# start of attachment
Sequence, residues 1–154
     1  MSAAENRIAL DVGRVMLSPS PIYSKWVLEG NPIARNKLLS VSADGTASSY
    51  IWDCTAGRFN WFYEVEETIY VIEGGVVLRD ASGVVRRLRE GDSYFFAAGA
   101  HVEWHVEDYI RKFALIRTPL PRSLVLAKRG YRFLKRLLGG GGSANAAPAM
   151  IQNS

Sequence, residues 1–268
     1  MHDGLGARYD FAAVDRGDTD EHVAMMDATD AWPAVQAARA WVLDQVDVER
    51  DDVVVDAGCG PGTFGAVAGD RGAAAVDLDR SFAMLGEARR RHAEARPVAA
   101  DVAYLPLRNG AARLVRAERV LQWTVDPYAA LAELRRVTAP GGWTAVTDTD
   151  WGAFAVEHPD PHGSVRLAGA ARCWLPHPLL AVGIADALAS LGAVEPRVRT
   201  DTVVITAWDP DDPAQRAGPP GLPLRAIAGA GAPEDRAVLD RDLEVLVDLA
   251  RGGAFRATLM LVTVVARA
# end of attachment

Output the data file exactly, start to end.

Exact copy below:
Sequence, residues 1–154
     1  MSAAENRIAL DVGRVMLSPS PIYSKWVLEG NPIARNKLLS VSADGTASSY
    51  IWDCTAGRFN WFYEVEETIY VIEGGVVLRD ASGVVRRLRE GDSYFFAAGA
   101  HVEWHVEDYI RKFALIRTPL PRSLVLAKRG YRFLKRLLGG GGSANAAPAM
   151  IQNS

Sequence, residues 1–268
     1  MHDGLGARYD FAAVDRGDTD EHVAMMDATD AWPAVQAARA WVLDQVDVER
    51  DDVVVDAGCG PGTFGAVAGD RGAAAVDLDR SFAMLGEARR RHAEARPVAA
   101  DVAYLPLRNG AARLVRAERV LQWTVDPYAA LAELRRVTAP GGWTAVTDTD
   151  WGAFAVEHPD PHGSVRLAGA ARCWLPHPLL AVGIADALAS LGAVEPRVRT
   201  DTVVITAWDP DDPAQRAGPP GLPLRAIAGA GAPEDRAVLD RDLEVLVDLA
   251  RGGAFRATLM LVTVVARA